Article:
ADAMS, JOHN, President. Autograph letter signed to W[illiam] S[tephens] Smith, his son-in-law, Quincy, [Massachusetts], 23 October 1815. One page, 4to, lightly browned.
COBBETT, BURKE, SAMUEL JOHNSON AND THE "ETERNAL AND INTERMINABLE" CONTROVERSIES OF THE "PRIESTHOOD"
A very good letter in which the aging President encapsulates his opinions of religion, Church and State and the nature of clergymen. His remarks were evidently elicited by various writings of William Cobbett sent to him by Smith. "Cobbetts Letter to Niles, inclosed in yours of the 17th, with some of his usual fooleries, contains many important facts and ingenious reflections. I love Clergymen because they are often sociable and sensible Men, and sometimes learned: but the Priesthood seems to have something militant and belligerant in its nature. The High ones are always Gladiators. Their Controversies are eternal and interminable as the divisibility of Matter. They have ended either in Infidelity or in a conviction of the necissity of a sovereign judge of the Faith. The Church has Authority in matters of Faith, says England. His Holiness has unlimited Jurisdiction and absolute Power in all Controversies, says Rome: and the Peace and Order of Church and State cannot be preserved without it. Indeed the two late British Oracles [Edmund] Burke and [Samuel] Johnson seemed to think an infallible Head, necessary. Whether the wrangles and squabbles of our American Theologians will most promote Popery or Infidelity is left to your future Experience..."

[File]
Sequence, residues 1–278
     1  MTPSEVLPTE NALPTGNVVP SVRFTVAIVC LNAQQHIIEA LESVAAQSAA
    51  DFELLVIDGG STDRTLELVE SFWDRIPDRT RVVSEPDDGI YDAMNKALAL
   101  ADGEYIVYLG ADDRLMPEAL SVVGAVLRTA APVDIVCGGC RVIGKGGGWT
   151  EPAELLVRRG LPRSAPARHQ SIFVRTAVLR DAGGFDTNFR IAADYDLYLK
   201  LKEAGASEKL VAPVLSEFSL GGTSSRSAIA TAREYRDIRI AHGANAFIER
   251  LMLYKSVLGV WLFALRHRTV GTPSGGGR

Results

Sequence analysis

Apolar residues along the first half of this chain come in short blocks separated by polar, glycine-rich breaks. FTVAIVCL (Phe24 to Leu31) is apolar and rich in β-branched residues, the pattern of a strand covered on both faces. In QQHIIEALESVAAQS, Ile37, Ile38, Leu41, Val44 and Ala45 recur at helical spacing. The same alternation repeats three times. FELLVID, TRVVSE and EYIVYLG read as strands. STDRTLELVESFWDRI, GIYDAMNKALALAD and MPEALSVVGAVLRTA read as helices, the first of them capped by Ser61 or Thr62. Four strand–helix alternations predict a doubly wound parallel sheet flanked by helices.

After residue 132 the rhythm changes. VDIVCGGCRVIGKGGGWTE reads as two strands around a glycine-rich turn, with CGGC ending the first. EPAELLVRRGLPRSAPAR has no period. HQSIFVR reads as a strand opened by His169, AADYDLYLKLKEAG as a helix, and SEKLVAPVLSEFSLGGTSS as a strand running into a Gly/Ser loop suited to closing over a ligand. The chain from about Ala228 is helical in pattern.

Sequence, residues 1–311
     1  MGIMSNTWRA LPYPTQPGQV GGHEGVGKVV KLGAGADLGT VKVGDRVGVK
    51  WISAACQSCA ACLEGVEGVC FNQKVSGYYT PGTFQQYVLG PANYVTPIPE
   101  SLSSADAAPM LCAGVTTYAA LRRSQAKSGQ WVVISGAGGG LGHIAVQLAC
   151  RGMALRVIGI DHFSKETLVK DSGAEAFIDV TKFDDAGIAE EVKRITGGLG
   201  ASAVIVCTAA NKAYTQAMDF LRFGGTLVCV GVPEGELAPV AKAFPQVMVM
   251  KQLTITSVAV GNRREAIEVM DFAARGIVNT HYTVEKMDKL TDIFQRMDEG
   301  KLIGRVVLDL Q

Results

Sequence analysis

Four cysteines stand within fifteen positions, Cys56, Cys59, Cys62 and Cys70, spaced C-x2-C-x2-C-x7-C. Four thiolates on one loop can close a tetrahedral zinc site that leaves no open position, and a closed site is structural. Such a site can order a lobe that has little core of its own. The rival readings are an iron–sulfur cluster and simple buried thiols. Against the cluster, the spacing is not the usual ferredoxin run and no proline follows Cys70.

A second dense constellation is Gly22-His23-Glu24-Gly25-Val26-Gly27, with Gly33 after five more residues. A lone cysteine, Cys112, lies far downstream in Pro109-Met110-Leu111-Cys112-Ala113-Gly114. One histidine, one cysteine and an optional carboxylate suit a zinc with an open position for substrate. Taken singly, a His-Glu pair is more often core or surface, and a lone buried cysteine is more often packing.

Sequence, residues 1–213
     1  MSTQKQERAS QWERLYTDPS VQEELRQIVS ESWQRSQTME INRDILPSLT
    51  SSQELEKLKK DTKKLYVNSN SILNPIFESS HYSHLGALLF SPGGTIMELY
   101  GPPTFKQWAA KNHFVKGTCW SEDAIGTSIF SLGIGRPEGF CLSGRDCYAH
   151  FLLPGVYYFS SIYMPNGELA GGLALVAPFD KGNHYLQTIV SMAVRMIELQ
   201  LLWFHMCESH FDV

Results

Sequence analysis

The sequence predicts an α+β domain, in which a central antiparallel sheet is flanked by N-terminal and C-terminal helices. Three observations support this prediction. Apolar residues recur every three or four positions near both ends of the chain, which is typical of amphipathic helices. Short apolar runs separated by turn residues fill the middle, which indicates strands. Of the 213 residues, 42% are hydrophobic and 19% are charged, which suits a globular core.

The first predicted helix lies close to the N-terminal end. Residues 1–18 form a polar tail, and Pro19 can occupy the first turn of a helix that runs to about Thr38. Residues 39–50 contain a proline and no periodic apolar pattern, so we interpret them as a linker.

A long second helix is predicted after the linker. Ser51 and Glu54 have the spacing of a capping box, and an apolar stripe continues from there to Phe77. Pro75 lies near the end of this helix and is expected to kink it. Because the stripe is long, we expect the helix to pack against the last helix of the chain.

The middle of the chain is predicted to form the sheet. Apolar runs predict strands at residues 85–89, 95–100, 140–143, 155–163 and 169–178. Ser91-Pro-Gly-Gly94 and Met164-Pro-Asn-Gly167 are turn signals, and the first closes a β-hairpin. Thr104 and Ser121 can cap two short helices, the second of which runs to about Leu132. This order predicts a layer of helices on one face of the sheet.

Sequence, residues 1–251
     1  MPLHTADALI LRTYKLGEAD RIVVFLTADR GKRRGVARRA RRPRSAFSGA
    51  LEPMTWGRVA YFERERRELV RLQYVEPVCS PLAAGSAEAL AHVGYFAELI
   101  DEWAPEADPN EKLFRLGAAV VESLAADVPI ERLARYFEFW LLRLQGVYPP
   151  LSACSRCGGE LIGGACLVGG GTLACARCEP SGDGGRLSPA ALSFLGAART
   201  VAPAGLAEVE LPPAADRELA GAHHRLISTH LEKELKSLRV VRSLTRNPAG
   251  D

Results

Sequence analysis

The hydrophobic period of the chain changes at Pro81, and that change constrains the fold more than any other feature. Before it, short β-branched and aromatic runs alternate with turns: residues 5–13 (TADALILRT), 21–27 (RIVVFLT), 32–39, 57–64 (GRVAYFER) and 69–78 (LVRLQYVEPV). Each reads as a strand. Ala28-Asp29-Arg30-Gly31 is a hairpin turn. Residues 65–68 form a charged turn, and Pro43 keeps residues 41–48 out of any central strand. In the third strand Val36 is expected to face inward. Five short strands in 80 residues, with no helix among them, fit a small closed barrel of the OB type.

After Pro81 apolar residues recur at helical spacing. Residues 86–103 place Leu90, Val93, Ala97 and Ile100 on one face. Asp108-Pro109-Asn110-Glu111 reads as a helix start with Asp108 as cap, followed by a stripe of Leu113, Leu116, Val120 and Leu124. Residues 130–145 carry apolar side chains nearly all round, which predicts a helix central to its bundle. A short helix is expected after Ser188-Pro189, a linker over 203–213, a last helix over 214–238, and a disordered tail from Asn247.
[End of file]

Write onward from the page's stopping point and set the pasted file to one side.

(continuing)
Cobbett (1762-1835), soldier, journalist and bookseller, emigrated to Philadelphia in 1792, started a journal, and plunged into political contoversy. He quickly made enemies of Thomas McKean, Edward Shippen, and Benjamin Rush (who sued him for libel); President John Adams seriously contemplated having him deported. Cobbett went back to England in 1800, but returned to America again in 1817. Smith, to who the letter is addressed, had served as a aide to George Washington in 1781, and later as Adams's secretary in London; he married Abigail Adams II.